Results: HF was detected in 38% (n = 36) of the 2001 and 59% (n = 60) of the 2002 environmental samples. Two samples in 2001 and one sample in 2002 were at or marginally greater than the National Occupational Health and Safety Committee 8 hour Time Weighted Average (2.6 mg/m3). Collection of the HF exposure data for employees during non-routine tasks commenced in January 2004 and the results of the analysis will be presented.

Conclusions: Under routine operating conditions, the ambient levels of HF do not appear to pose a risk to health at the Phosphate Hill site. The results of the personal monitoring of HF will be discussed with reference to changes in workplace procedures and practices.


D. Kielkowski1,2, A. Baker1, K. Channa1, I. Naik1.1National Institute for Occupational Health, NHLS, Johannesburg, South Africa; 2School of Public Health University of the Witwatersrand, Johannesburg, South Africa

Introduction: A survey of ethylene oxide exposure in sterilising units of public hospitals in South Africa was conducted in 2003.

Methods: In each sterilising unit, 5 day measurements of environmental and personal samples were taken. NIOH method number 614 was employed to determine ethylene oxide (EtO) levels, and duplicate samples were sent to US Occupational Safety and Health Administration for validation.

Results: Ten of 22 hospitals used ethylene oxide (EtO). There were 221 environmental samples were collected; of those; 103 at the EtO machines, 61 in the EtO room at the door, and 51 in the general working area. Personnel operating EtO machines during loading and unloading procedure provided 98 samples. Half of the participating hospitals had positive personal samples for EtO; two measurements were above the 1 ppm daily recommended limit, and one above the peak exposure limit of 5 ppm. Machine failure was observed in one of the hospitals, resulting in high environmental levels. One of 51 environmental samples in the general area showed positive, low levels of EtO, suggesting that fugitive emission of EtO to other working areas is unlikely. The machines employed by the hospitals are modern and fully automated, making exposure to EtO minimal if used appropriately. Machine maintenance and good ventilation system is key to lowering EtO exposure in hospitals.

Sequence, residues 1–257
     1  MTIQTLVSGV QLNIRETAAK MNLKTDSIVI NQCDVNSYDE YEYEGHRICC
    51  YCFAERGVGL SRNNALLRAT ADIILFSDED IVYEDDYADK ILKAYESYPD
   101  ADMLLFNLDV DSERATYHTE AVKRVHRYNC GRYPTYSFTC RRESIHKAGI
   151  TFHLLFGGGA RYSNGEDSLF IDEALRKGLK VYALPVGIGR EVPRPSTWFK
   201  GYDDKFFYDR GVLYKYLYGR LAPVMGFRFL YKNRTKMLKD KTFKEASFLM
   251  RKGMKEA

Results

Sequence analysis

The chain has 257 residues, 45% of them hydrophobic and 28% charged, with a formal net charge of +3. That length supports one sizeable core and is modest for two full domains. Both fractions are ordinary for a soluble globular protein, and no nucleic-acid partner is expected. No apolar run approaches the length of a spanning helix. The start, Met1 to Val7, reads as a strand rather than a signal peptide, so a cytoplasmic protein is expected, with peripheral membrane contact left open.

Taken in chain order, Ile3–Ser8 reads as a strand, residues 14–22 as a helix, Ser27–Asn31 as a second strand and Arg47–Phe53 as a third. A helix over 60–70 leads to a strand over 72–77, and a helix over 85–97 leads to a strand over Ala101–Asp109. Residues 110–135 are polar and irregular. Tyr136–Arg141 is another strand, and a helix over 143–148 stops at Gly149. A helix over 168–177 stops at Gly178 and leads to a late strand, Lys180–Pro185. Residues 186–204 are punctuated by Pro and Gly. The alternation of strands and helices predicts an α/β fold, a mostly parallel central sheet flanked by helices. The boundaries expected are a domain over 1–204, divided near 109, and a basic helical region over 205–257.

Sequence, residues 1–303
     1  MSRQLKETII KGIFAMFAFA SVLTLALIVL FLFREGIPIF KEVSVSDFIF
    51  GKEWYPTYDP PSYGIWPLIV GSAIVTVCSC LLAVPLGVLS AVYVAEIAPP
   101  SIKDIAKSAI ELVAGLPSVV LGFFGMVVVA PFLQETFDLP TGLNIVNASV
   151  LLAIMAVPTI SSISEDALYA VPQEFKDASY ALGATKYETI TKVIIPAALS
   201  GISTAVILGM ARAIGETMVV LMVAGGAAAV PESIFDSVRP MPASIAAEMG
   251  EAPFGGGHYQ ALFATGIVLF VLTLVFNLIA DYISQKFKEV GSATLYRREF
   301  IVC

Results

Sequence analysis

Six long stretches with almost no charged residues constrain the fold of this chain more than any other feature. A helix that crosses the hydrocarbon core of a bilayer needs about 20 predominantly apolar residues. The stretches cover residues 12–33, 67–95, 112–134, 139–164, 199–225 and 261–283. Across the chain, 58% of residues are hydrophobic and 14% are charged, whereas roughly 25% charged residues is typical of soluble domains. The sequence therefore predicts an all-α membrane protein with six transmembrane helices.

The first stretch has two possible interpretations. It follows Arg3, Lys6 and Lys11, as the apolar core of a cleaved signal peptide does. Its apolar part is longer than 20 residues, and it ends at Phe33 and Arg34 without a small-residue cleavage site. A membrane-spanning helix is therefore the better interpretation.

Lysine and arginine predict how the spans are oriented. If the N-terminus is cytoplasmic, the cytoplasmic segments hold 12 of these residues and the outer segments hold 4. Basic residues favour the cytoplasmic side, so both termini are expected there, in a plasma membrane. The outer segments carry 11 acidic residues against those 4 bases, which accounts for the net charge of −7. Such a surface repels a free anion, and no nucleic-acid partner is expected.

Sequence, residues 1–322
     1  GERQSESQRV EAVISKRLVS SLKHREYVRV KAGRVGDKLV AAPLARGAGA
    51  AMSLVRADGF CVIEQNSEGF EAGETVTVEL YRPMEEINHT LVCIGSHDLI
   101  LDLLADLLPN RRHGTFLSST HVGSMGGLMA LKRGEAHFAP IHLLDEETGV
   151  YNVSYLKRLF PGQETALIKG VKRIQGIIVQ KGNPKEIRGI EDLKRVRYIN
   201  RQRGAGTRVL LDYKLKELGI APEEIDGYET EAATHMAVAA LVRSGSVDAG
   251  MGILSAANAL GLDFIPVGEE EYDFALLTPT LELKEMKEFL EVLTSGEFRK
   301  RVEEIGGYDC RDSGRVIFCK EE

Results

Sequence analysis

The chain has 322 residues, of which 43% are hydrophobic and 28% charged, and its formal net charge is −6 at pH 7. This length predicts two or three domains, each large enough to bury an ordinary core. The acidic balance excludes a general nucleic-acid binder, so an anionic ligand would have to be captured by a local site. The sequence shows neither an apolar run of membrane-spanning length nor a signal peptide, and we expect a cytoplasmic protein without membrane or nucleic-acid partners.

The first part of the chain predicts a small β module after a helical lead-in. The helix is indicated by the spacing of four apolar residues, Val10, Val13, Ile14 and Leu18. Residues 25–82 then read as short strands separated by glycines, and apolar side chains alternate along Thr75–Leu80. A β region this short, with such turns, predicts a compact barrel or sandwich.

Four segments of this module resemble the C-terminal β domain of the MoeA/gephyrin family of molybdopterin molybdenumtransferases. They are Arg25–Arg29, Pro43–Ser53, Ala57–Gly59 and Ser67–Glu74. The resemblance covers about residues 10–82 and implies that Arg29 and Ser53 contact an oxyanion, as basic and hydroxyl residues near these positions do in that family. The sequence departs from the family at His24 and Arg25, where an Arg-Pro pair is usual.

Conclusion: Personnel training, good care of EtO machines, and good ventilation systems should prevent dangerous levels of EtO in the hospital environment.


S. H. D. Mamuya1,2, M. E. Bente1, M. Bråtveit1, Y. Mashalla2.1Section for Occupational Medicine, University Of Bergen, Norway; 2Muhimbili University College of Health Sciences, Dar es Salaam, Tanzania

Introduction: Dust exposure and respiratory health problem in the mining industry have not been studied adequately in Tanzania. Policy makers do not know the magnitude of problems.

Methods: Using a respiratory health questionnaire, 237 coal mine workers were interviewed. A total of 110 respirable dust and 77 quartz samples were analysed. One way analysis of variance and the χ2 test were used for continuous and categorical variables, respectively.

Results: The mean age of the study population was 37 years (range 23.2 to 57.5). The mean personal respirable dust concentration was 3.37 mg/m3 (range 0.05 to 53.86). The mean concentration of quartz was 0.85 mg/m3 (range 0.01 to 16.16). The mean cumulative respirable dust was 10.89 mg/m3 year (range 0.01 to 114.00). Mean cumulative quartz exposure was 0.82 mg/m3 year (range 0.00 to 7.72). There was a high prevalence of respiratory symptoms among the workers: morning cough (25.6%), wheeze (6.9%), dyspnoea 1 (33.3%), and dyspnoea 2 (5.1%). The group with the highest cumulative exposure to respirable dust (>20 mg/m3 year) and cumulative quartz exposure (>4 mg/m3 year) had significantly higher odds ratio (OR) compared with the reference group for cough day and night (3.58 and 3.62 respectively), cough for 4 days or more (4.22 and 6.73 respectively), cough and sputum day and night (3.20 and 6.46 respectively), and dyspnoea (7.64 and 10.91 respectively) after controlling for age and smoking status.

Conclusions: High dust and quartz exposures were found among the workers in the manually operated coal mine. The study showed that the risk of respiratory symptoms increases with the cumulative exposure to respirable dust and quartz.